Letter to the Editor: Helping Honduras
As seen in The Post and Courier on Sept. 14, 2016
Corruption in Honduras is an important humanitarian issue (Aug. 28 “Block U.S. funds to Honduras”), but Ed Buckley misleads readers by suggesting the United States is meddling or complacent in Honduras’ fight against corruption.
“Clinton backed a military coup in 2009” is a disputed assertion. Then Honduran president Manuel Zelaya set in motion an unconstitutional plebiscite asking the public to allow him to run for another term, actions perhaps similar to those that Buckley sees as illegitimate by current president Juan Orlando Hernandez.
Zelaya’s maneuvers were unconstitutional in the judgment of the Honduran Supreme Court and Congress, both of which formally censured his Hugo Chavez-like electoral manipulation. The Honduran military, under Gen. Romeo Vasquez Velasquez, removed Zelaya at the behest of the Supreme Court. An August 2009 Law Library of Congress report, largely ignored by the media and activists, opined that Honduran institutions acted constitutionally.
Among non-Venezuela-aligned countries, only Brazil, with its hard-left Itamaraty foreign ministry, supported Zelaya in 2009. So if Clinton supported a military coup, then so did much of the western hemisphere.
Today, the Honduran National Anti-Corruption Council (CNA) is an innovative quasi-governmental agency that combines two functions traditionally weak or lacking in Honduras and key to controlling corruption: investigative journalism and forensic support for government prosecutors of public sector corruption.
CNA has shown itself to be independent, but it is not unaccountable. True, CNA’s work is pedestrian as it goes after corrupt managers of Injupemp, a government employee pension plan administrator, but not everyone can be Woodward and Bernstein.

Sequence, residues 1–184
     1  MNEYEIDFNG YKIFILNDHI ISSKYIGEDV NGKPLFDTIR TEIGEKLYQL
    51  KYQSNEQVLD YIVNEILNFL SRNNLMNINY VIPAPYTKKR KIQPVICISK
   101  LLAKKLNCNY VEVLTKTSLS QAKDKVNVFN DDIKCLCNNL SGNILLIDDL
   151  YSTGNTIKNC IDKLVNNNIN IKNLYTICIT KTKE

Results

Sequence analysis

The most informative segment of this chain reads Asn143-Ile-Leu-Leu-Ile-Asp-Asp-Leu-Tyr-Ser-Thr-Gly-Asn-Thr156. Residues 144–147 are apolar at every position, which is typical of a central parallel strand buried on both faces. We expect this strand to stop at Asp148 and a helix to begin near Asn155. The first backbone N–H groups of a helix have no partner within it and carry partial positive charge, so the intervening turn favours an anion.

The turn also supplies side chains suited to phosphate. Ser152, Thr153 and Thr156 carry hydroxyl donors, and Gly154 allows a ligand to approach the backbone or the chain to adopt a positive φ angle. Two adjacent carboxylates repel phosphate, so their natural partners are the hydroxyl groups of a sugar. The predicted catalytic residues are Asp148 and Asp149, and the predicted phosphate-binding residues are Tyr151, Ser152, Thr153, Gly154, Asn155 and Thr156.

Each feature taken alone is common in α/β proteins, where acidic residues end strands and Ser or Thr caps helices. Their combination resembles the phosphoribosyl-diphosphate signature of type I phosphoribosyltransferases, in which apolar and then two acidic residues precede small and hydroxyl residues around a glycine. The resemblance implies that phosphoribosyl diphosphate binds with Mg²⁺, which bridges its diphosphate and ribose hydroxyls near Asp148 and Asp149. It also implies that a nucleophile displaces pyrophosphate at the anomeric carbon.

The United States has been supportive of CNA, and the latter’s offices are almost literally in the shadow of the U.S. embassy in Tegucigalpa.
Moral renovation is the force behind the inspiring Central American Spring, and it is refreshing to focus on a small, non-strategic country that is trying to reign in corruption. But the United States can best help Honduras by first understanding the country’s corruption fight complexities.
Brian Norris, Ph.D.
Assistant professor, Dept. of Criminal Justice, The Citadel
Brian Norris, Ph.D., lived and worked in Latin America for 5 years and has completed 27 research or work trips to the region since 1997. His country experience includes El Salvador, Bolivia, Mexico, Honduras, Argentina, Paraguay, Ecuador, Panama, Cuba and India. He is author of scholarly publications on demographic changes in South America, on credit institutions in the US South and in South America, and on criminal justice institutions in Mexico. Prison Bureaucracies in the US, Mexico and India is a book manuscript in progress and is under contract with Lexington Books, due for publication in mid-2017.